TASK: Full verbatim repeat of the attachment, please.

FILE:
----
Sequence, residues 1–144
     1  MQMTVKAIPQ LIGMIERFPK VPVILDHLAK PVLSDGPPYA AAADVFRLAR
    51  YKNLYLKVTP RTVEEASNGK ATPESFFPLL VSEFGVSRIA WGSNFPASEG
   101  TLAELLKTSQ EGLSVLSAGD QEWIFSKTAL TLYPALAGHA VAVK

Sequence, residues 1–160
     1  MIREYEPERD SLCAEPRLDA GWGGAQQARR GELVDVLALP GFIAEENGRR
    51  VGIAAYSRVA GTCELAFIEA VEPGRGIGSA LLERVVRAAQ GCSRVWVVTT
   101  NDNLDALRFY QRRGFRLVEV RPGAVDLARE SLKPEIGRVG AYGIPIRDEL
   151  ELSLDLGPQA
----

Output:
Sequence, residues 1–144
     1  MQMTVKAIPQ LIGMIERFPK VPVILDHLAK PVLSDGPPYA AAADVFRLAR
    51  YKNLYLKVTP RTVEEASNGK ATPESFFPLL VSEFGVSRIA WGSNFPASEG
   101  TLAELLKTSQ EGLSVLSAGD QEWIFSKTAL TLYPALAGHA VAVK

Sequence, residues 1–160
     1  MIREYEPERD SLCAEPRLDA GWGGAQQARR GELVDVLALP GFIAEENGRR
    51  VGIAAYSRVA GTCELAFIEA VEPGRGIGSA LLERVVRAAQ GCSRVWVVTT
   101  NDNLDALRFY QRRGFRLVEV RPGAVDLARE SLKPEIGRVG AYGIPIRDEL
   151  ELSLDLGPQA